Carol Zardetto is a Guatemalan novelist, lawyer, script-writer and diplomat, and is part of the generation of Guatemalan writers who grew up under the shadow of Guatemalan Civil War.
A story by Carol on the Guatemalan dictator Efrain Rios Montt will feature in Comma’s forthcoming anthology The American Way, a book of specially commissioned stories by authors from across the globe addressing America’s history of foreign intervention from 1945 to the present day.
For Women’s History Month, we invited Carol to write an exclusive piece for The Comma Press Blog about the impact of Efrain Rios Montt’s presidency during the civil war on the women of Guatemala. Here, Zardetto writes on the relationship between religious dogmatism and violence against women, Ronald Reagan’s complicity in Rios Montt’s crimes and the continuation of women’s suffering under the patriarchal and conservative establishment in Guatemala.
Content warning: rape, child abuse, extreme sexual violence
by Carol Zardetto, translated by Julio Barrios
“Woman, where are your accusers?”
– Jesus to woman accused of adultery
In the last few months, I’ve felt terrified by the recurring news: women disappear daily. Many never to be seen or heard of again. Others are found dead in ditches, strewn like garbage in gullies, or abandoned in different parts of the city. Guatemala has more women disappeared and dead than Ciudad Juarez. I am not alone in my fear.
Thousands of girls of ages between 10 and 14 (according to recent statistics at least 5,133 in 2019, which is roughly 14 every day), are impregnated in Guatemala, at home or otherwise, which in any case amounts to rape and sexual violence. Yet they are forced to give birth, their developing and often malnourished bodies notwithstanding, endangering their lives and sentencing them to bear a responsibility that is crushing at that age. These abuses are a swelling tendency that remains basically unaddressed by authorities and ignored by society in general, while abortion is severely penalized by law and socially judged with harshness, even in the light of the heinous plague of child rapes.
Understanding the deeply rooted violence against women is challenging and beyond the scope of this article, but the important role that religious dogmatism plays in contributing to such violence is worth highlighting, in particular the link between violence and certain fundamentalist dogma and the anti-communism/capitalism and patriarchal order it reinforces.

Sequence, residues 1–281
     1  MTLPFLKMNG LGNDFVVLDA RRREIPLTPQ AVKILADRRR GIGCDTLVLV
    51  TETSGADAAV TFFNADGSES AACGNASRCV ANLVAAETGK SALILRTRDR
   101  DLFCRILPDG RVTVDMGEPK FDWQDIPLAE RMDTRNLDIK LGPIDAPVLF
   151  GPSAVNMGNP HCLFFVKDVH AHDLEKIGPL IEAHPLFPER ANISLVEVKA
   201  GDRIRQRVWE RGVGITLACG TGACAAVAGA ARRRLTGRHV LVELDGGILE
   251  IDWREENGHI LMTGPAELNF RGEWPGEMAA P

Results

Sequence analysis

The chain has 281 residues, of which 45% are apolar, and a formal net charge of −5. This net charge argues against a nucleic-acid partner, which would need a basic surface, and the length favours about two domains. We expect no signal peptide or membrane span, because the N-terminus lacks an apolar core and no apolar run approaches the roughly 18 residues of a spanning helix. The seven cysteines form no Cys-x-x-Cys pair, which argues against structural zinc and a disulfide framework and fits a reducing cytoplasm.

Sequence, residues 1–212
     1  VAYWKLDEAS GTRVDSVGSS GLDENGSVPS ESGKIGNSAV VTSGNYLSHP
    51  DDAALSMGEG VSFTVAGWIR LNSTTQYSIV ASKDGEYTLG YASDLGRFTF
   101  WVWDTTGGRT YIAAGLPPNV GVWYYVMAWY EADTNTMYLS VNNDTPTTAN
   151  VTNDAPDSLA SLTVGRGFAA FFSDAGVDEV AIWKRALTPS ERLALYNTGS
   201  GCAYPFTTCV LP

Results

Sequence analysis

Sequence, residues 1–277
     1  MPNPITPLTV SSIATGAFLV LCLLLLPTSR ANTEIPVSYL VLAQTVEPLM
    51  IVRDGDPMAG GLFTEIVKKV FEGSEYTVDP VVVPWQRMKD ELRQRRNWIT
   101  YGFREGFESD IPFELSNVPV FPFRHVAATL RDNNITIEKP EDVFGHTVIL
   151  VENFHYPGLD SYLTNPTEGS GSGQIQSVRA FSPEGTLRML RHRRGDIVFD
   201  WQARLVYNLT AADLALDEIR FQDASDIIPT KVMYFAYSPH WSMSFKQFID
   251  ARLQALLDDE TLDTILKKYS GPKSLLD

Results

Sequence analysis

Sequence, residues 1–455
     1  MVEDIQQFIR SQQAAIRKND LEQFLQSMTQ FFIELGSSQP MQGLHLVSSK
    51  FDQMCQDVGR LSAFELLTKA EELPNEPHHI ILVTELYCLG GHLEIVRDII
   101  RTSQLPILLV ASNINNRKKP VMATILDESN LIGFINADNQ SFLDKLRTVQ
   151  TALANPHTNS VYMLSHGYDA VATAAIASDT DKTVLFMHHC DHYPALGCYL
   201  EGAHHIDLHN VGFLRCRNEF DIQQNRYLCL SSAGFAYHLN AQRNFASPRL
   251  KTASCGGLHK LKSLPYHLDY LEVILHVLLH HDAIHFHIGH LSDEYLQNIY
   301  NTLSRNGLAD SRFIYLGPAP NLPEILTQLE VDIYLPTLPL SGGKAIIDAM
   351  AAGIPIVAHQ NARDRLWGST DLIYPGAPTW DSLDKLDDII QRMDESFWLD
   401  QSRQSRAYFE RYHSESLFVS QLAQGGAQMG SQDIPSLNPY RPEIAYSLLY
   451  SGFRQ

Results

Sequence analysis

To understand how these horrifying tendencies became commonplace we must look back to the Cold War. The USA understood that an ideological war was not won merely by armies. It was necessary to penetrate the cultural narrative for it is what moves peoples emotionally and makes them feel deeply involved. The narrative that was needed had to ensure the moral high ground of the conservative mentality and social structure, for it was that posture that was sure to oppose communism in any way or form. It was not something that needed to be created as it existed already: evangelical fundamentalism was an alternative to wayward Catholicism that had deviated (through the Liberation Theology) towards the plight of the poor and marginalized, and was furthering the cause of the left.
Evangelical fundamentalism was the means to maintain in place the vertical power structure that fits into and holds up the capitalist pyramid. The echelons of privilege have known that the maintenance of their position is made possible by the maintenance of a solid and ample base: patriarchy and religion. Patriarchy is the oldest system of power humanity has known, it is codified in cultures as a “natural order”, it reaches people on an emotional level and permeates almost all mainstream idiosyncrasy. It is based on the violent suppression of women and it nests deep within all major religious dogmas.
In the 60s a myriad of organizations came from the United States to Latin America with the mission to evangelize, to save souls in the name of Christ and capitalism. The 1976 earthquake in Guatemala was the calling that a Eureka California organization heeded to come to Guatemala. A man with a singular destiny became their mouthpiece, their icon, and one of their elders. His name was Efrain Rios Montt, a man who had a political trajectory in Guatemala, he was a General and had been a presidential candidate. In 1981 as the civil war was raging, the military upper echelons staged a coup that put that man in power. Then-president Rios Montt (1982-1983) was endowed with ample means to execute the necessary plans that would bring about a final victory for the army, the unleashing of the most systematically violent period in modern Guatemalan history, and he did.